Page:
Class of 2021 First Year Book
Memory, History, Race, and the American Landscape
Each of us has many identities: son or daughter, worker, student. These identities locate us in what it means to be human. Place, too, identifies, says to us, You are here. As we like to say at Washington College, it’s hard to separate who we are from where we are.
In just a few months, you will find yourself at Washington College. You’ll encounter new traditions, new names, new friends. But you will find yourself, too, by participating in the legacy of this 235-year-old institution—in rigorous and rewarding classes, in deep and unhurried conversations with friends and teammates.
That first conversation will be about Trace, a beautifully-written and American Book Award-winning nonfiction account of what it means to think of history, race, and memory as a landscape that can be mined for meaning. The author, Lauret Savoy, is a professor of geology and environmental science at Mount Holyoke College. She is a gifted and talented writer. She is the daughter of a former soldier and a nurse. She is, she writes, “a palimpsest, too, a place made over but trying to trace back.”
In Trace, Savoy understands that “sand and stone are Earth’s memory,” and deploys that understanding to see how place inflects memory and history and the construction of race. She asks, “From what do we take our origins? From blood? … From incised memories?” Trace is the result of a wordsmith, an archivist, a cartographer, a questioner who asks the land to reveal what it remembers about who we used to be—all so that we may be more free to remake ourselves now.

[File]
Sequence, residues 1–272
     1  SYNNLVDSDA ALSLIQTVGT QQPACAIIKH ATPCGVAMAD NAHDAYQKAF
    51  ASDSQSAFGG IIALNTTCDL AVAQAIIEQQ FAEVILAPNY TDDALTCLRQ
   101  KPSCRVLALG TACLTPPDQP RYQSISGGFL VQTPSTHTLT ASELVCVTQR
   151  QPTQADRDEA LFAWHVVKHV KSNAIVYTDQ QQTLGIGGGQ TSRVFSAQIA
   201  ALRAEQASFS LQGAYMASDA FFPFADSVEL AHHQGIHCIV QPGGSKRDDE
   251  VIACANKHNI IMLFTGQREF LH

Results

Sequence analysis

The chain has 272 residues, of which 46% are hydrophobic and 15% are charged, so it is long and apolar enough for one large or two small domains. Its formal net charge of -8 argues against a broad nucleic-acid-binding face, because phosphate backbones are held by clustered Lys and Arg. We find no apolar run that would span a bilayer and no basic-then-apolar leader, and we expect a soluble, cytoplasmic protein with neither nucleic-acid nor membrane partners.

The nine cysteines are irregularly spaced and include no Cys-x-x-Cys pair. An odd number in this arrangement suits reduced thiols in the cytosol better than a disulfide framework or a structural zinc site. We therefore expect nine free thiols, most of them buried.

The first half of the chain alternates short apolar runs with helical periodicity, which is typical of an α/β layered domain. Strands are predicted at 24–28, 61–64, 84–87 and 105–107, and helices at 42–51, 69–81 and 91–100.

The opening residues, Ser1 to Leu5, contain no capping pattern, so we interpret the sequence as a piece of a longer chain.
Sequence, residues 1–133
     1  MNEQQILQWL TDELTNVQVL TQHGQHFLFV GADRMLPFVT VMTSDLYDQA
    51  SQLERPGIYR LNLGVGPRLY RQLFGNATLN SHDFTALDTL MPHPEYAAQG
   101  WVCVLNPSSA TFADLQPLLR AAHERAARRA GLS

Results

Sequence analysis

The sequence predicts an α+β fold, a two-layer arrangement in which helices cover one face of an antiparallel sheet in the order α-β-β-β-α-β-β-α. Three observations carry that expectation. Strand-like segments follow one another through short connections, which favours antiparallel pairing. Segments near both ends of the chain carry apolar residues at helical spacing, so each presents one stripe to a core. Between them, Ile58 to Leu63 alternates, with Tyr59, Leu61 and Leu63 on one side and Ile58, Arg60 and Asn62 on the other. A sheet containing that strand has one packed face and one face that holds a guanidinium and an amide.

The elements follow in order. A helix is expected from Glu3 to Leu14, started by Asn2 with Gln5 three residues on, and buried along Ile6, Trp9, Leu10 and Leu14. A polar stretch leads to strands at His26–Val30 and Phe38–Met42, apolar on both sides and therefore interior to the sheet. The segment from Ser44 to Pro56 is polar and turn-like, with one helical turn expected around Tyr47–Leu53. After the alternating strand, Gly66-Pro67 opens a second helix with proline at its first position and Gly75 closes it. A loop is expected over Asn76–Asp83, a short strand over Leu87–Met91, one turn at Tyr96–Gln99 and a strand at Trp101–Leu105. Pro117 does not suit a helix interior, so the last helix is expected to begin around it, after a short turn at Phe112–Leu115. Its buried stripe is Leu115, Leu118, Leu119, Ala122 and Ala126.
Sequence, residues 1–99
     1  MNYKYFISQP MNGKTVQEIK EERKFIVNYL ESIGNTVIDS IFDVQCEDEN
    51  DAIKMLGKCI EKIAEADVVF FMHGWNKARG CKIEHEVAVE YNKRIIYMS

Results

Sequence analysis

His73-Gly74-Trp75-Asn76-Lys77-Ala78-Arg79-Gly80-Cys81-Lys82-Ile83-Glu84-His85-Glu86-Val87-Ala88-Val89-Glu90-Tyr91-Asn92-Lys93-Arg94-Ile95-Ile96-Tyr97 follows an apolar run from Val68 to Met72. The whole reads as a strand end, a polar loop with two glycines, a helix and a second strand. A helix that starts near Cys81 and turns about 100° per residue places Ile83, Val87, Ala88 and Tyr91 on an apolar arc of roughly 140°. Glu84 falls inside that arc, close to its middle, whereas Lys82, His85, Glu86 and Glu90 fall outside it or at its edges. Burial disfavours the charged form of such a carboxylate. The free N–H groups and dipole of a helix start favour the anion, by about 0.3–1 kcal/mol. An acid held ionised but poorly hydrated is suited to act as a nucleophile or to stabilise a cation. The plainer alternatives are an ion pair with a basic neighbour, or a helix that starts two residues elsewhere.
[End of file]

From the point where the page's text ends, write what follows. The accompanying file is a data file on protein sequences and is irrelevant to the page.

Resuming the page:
To inhabit a place, Savoy writes, “is to be marked by residues of its still unfolding history, a history weighted by tangled ideas of ‘race’ and of the land itself.” Trace will ask you to look through many lenses, to discover the layers of your identity. It will also introduce you to the way Washington College educates men and women of purpose and passion, to citizen leaders who face problems with inspired thinking and moral courage.
Savoy’s book embodies many of those characteristics. In an interview, Dr. Savoy says, “One of the early lessons I learned as a child was that the land didn’t hate, that people did. I sought refuge in wild lands. I also realized that Earth was much older than humans and that its antiquity preceded hate. So deep time became as much a refuge as any place.”
We welcome you to Washington College, a place that is a refuge for thinking and writing, for creating, for exploration and digging, for unearthing and crafting your future, your selves.